AbstractScandals can cause serious damage to political parties’ brand name and reputation, which may taint all members of the party – even those not implicated in the scandal. In this article, we therefore explore how (uninvolved) politicians are likely to react to the eruption of such events. Building on a survey among UK local councilors (N=2133), we first document the prevalence of distinct response strategies (such as distancing oneself from the scandal-hit party or redirecting attention to similar events in other parties). Then, building on a between subject survey-experimental design, we assess the moderating roles of partisanship and scandal type. We show that a scandal in one’s own party reduces the probability of distancing oneself from the scandal-hit party (particularly among men). We also find that scandal type matters: pointing out similar scandals in other parties is less likely for sex scandals compared to financial scandals (particularly among women).

Schönhage, N. L. & Geys, B. (2021). Partisan Bias in Politicians’ Perception of Scandals. Party Politics.
Working paper version (with appendix)

AbstractDo politicians perceive scandals differently when they implicate members of their own party rather than another party? We address this question using a between-subject survey experiment, whereby we randomly assign UK local councilors (N=2133) to vignettes describing a major national-level scandal in their own party versus another party. Our results show that local politicians perceive a significantly larger impact of this national scandal on the national party image when it concerns their own party (relative to another party). When evaluating the same scandal’s impact on the local party image, however, no similar treatment effect is observed. This suggests that local politician tone down the local impact of a national scandal more when thinking about their own party. We suggest this derives from a form of motivated reasoning whereby politicians selectively focus on information offering a more negative view of their direct electoral opponents. These findings arise independent of the type of scandal under consideration.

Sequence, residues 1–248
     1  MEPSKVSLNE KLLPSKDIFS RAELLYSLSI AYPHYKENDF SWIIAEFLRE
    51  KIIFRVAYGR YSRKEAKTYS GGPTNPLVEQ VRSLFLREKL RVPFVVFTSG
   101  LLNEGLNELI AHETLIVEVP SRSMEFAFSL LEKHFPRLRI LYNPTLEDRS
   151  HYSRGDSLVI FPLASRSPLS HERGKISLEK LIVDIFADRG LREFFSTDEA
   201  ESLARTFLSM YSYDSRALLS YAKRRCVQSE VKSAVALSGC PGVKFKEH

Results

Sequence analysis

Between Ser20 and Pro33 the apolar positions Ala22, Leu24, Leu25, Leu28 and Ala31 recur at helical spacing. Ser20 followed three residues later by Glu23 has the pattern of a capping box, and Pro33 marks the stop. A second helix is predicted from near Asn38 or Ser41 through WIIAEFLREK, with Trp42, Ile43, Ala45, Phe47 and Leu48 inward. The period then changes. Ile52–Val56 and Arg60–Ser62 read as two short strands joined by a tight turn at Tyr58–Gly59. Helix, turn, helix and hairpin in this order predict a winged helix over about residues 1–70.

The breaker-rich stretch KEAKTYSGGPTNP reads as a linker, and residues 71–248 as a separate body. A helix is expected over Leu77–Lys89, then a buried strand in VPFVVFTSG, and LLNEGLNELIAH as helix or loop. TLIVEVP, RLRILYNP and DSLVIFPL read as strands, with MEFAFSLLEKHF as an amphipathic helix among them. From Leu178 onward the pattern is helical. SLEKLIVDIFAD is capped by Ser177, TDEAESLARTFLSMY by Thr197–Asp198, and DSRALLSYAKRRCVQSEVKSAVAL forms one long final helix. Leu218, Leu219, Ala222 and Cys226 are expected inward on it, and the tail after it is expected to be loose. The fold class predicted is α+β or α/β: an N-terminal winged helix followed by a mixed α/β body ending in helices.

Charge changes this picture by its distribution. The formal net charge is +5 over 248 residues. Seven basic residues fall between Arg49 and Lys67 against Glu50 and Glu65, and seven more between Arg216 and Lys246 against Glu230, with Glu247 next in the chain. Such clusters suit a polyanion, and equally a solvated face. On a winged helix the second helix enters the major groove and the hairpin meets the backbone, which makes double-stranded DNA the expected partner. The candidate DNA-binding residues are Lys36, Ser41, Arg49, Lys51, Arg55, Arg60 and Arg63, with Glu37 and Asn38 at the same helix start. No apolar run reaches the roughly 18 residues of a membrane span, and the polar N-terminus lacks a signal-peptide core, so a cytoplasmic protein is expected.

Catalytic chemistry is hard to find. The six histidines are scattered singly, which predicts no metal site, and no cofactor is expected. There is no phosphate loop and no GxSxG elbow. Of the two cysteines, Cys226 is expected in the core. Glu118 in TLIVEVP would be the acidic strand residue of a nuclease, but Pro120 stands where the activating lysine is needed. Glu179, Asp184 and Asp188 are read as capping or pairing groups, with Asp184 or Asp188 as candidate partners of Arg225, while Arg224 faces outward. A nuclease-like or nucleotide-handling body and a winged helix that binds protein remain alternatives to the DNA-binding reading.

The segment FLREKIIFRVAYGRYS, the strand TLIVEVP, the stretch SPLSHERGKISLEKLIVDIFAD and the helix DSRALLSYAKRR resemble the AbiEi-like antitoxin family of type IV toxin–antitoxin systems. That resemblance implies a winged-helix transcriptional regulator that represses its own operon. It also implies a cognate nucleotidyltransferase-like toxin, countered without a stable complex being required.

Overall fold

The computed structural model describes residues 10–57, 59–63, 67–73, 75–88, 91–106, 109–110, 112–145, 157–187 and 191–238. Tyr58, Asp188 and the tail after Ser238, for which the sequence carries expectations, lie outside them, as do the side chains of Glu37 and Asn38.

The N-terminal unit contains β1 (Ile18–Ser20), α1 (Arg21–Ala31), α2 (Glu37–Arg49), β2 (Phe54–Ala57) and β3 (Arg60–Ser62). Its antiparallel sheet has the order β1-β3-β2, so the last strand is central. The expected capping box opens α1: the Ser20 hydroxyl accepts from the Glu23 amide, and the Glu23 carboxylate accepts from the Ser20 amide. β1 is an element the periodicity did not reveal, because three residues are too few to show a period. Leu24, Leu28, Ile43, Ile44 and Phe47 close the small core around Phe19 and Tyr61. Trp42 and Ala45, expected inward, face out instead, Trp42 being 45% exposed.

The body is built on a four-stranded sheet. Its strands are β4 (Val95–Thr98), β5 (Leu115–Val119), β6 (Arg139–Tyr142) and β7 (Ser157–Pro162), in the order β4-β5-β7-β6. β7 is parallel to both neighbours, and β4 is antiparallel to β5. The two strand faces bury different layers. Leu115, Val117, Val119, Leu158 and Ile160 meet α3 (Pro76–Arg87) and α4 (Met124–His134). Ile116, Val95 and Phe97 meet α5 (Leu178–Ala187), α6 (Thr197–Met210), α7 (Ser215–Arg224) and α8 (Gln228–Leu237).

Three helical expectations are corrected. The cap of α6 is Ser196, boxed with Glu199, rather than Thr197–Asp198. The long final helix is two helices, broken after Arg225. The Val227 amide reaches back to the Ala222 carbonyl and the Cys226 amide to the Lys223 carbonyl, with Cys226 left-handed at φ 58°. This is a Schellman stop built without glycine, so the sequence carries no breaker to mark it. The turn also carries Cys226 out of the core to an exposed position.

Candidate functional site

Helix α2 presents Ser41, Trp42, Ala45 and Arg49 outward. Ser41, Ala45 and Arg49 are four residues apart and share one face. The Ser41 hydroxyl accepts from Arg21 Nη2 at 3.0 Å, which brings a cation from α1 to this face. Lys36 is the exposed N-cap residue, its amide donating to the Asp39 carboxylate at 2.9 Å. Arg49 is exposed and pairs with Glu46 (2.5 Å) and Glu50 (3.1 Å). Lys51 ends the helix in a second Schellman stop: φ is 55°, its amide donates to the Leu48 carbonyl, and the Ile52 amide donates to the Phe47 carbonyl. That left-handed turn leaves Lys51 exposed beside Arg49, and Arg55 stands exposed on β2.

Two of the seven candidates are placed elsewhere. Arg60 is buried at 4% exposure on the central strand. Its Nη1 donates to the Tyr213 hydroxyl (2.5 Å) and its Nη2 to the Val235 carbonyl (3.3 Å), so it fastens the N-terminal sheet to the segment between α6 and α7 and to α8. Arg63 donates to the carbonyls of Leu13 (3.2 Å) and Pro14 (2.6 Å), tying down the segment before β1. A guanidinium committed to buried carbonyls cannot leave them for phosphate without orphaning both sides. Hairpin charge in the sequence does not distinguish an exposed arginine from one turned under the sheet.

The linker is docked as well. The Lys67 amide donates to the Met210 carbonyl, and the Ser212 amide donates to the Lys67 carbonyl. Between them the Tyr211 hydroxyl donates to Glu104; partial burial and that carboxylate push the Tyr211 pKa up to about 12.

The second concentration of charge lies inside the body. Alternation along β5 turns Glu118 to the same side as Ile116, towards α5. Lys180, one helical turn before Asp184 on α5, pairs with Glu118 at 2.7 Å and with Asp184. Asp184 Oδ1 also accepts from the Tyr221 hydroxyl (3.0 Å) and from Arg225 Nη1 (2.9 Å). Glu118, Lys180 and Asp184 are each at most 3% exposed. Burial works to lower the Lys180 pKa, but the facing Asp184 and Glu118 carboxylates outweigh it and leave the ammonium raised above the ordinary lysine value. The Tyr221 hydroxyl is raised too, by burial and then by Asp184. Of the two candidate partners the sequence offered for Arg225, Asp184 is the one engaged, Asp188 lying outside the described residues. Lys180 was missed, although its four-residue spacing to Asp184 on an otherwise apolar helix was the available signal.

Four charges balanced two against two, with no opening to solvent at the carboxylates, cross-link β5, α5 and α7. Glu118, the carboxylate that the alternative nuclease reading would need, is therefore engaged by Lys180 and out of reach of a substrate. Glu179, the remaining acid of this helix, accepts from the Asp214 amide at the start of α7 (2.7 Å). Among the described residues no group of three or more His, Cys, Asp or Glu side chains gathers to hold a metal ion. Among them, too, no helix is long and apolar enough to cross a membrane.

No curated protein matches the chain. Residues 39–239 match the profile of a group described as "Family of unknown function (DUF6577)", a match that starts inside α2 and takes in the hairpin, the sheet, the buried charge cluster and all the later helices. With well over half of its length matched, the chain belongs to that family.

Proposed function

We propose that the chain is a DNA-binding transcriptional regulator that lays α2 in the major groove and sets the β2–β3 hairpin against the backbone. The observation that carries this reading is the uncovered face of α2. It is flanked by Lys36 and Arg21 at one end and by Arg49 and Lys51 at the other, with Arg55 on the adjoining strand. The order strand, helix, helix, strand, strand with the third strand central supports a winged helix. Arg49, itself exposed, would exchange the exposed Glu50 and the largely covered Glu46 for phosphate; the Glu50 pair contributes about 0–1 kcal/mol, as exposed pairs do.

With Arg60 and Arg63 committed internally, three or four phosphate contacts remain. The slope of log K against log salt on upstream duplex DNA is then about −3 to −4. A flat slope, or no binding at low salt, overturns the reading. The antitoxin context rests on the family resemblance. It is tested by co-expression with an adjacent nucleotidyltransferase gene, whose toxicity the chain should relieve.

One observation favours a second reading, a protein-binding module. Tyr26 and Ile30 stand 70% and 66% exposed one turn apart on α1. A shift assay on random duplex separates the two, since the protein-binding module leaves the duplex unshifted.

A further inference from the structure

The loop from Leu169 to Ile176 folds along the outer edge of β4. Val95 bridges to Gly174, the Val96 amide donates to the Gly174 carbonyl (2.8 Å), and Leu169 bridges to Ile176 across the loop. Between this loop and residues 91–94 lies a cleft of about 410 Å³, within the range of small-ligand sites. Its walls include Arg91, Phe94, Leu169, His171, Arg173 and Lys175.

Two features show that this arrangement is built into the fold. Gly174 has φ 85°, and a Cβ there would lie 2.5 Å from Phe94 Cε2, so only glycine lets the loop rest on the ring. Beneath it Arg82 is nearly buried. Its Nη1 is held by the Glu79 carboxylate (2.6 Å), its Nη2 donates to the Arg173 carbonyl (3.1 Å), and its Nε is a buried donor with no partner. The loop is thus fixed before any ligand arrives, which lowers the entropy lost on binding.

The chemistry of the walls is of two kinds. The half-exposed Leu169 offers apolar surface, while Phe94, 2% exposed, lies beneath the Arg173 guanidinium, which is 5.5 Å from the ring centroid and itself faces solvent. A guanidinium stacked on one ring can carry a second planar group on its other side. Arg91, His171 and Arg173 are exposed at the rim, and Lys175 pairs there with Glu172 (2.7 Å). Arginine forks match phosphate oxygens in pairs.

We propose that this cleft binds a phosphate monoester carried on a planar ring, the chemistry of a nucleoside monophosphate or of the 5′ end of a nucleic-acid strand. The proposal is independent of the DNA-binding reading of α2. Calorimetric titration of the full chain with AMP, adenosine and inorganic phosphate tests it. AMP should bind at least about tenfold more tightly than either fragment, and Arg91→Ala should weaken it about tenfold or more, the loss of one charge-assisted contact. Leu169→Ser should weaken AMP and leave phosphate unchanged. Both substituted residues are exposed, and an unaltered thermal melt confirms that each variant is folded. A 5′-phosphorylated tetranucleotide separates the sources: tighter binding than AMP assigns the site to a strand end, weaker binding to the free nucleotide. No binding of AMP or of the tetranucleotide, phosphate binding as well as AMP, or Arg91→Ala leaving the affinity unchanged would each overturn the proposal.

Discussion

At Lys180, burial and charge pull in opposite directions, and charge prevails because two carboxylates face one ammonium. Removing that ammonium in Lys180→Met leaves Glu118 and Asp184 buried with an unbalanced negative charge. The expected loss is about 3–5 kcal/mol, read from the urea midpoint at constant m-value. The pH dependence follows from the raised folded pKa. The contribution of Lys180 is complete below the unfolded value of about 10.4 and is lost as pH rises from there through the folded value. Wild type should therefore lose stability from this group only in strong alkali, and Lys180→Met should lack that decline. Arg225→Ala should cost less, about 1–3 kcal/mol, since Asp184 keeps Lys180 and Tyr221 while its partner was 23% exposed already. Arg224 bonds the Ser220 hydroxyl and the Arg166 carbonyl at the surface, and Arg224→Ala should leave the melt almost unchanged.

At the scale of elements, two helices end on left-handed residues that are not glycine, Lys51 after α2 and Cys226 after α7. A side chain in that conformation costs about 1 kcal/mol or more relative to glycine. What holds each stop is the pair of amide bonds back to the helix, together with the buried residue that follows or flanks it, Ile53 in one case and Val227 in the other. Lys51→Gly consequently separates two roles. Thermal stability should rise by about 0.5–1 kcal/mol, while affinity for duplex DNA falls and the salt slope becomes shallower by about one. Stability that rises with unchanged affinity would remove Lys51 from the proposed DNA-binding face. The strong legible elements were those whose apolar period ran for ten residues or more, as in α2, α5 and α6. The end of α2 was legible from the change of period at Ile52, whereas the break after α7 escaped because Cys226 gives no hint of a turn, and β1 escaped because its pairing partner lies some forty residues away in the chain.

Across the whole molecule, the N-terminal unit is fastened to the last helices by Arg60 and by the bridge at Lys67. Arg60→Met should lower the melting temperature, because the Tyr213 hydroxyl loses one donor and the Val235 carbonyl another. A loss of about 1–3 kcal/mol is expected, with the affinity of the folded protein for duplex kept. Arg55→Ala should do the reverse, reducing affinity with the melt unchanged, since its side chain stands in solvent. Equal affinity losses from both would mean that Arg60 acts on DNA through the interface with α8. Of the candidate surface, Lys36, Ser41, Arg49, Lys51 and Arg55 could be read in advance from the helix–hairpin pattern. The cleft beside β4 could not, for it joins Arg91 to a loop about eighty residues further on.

Schönhage, N. L. and Geys, B. (2021) Party cues and incumbent assessments under multilevel governance. Electoral studies, 69.
Working paper version
Online Appendix


Politicians’ party membership allows voters to overcome incomplete information issues. In this article, we maintain that such ‘party cues’ in multilevel governance structures also induce voters to incorporate their assessment of incumbents at one level of government into their assessment of incumbents at other levels of government. Moreover, we argue that these assessment ‘spillovers’ increase in magnitude with voters’ level of political information. They become particularly prominent for voters with higher levels of political knowledge and interest as well as during election periods (when information is less costly and more readily available). Empirical analyses using survey data from Germany covering the period 1990 to 2018 corroborate our theoretical propositions.